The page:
But first, a few caveats. At the time of this writing Apple Music is, despite its pedigree, just a decent streaming service that wants to be your default music service for everything, online and off. To accomplish this for iDevices Apple hasn’t just added but merged Apple Music within a redesigned Music app, which makes playing offline music more clunky and confusing than need be. This change pushes all of your own music into a single tab, My Music, with even more confusing mini-menus that always emphasis Apple Music over your own stuff.

For those tech-types with long memories think Google’s failed attempt to merge Google Buzz within Gmail or, more recently, Google+ with everything Google. It’s confusing, cluttered, and most often, doesn’t work like it should.

There are reviews, previews, and other impressions of Apple Music elsewhere, so I’ll leave that part of the service for you to discover. It’s mostly a decent Spotify clone, but with a much larger library of artists and albums. Editor Chris Mitchell and I spent over an hour trying to find untraditional artists (think electronica, think Japanese rock, or some combo of the two) and came up empty. It’s really an impressive set offered, and those looking for easy discovery should be happy with how much stuff is available here.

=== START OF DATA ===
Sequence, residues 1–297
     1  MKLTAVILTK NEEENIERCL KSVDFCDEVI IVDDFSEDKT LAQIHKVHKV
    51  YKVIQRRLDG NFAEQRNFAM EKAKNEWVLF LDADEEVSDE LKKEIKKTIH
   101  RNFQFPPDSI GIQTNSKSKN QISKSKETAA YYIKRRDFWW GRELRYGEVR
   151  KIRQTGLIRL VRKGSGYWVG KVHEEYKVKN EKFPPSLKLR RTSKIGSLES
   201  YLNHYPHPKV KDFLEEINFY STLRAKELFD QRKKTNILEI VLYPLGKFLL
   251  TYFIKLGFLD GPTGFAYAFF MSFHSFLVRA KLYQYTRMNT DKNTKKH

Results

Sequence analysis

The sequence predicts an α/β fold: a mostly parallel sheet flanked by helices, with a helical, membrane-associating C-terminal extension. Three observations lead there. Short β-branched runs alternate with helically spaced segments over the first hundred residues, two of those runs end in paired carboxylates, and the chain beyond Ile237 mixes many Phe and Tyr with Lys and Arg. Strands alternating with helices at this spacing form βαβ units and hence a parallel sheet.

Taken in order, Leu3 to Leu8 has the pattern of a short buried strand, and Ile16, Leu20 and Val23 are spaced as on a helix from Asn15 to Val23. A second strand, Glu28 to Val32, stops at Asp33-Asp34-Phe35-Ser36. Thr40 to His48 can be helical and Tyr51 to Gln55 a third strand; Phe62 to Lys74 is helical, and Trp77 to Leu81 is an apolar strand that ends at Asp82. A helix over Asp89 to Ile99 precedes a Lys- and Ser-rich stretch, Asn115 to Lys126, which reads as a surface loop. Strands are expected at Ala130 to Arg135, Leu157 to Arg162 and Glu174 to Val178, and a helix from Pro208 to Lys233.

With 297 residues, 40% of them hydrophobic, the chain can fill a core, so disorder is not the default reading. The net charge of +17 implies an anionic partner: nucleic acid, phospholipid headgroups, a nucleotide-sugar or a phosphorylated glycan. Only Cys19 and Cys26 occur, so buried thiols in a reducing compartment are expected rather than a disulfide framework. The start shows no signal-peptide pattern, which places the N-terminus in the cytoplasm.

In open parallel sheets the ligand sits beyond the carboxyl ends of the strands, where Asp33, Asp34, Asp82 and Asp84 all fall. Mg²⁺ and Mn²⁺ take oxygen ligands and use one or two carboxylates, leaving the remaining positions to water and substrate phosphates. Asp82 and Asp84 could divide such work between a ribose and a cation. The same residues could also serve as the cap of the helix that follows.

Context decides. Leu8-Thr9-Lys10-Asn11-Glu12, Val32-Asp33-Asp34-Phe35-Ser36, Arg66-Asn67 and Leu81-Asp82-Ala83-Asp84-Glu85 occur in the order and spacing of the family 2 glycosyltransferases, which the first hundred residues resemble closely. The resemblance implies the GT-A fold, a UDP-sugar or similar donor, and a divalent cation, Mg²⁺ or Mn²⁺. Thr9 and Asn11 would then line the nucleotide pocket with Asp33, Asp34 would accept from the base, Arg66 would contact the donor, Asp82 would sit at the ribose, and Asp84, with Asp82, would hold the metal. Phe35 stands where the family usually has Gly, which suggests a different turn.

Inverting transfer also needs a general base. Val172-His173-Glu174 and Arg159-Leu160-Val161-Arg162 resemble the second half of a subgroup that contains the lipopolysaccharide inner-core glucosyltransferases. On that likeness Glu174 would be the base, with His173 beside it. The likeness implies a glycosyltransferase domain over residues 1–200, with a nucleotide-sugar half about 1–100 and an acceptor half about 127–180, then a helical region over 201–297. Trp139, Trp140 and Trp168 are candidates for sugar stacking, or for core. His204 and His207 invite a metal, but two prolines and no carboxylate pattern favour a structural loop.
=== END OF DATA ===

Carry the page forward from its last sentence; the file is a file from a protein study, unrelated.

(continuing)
As the Touch 6 is WiFi-only, you won’t have full streaming access once you leave your trusty WiFi connection, but you will be able to download songs (if you’re a paying subscriber) to listen to offline. Doing so requires you flicking on a few iCloud settings, etc, and merging your libraries so everything is copacetic. But a warning: NEVER, EVER let Apple manage your personal music collection. EVER. Doing so makes songs, albums, playlists, etc, disappear from your device, corrupting your iTunes library in the process.

Why Apple hasn’t realized how harmful this feature is to libraries is beyond me, but I’d wager an unusually compliant tech-journalism industry shielding them is partly to blame. I had to spend a few hours re-arranging, uploading, and fixing my personal files (not all of them music) before I could leave the house.


Performance + Gaming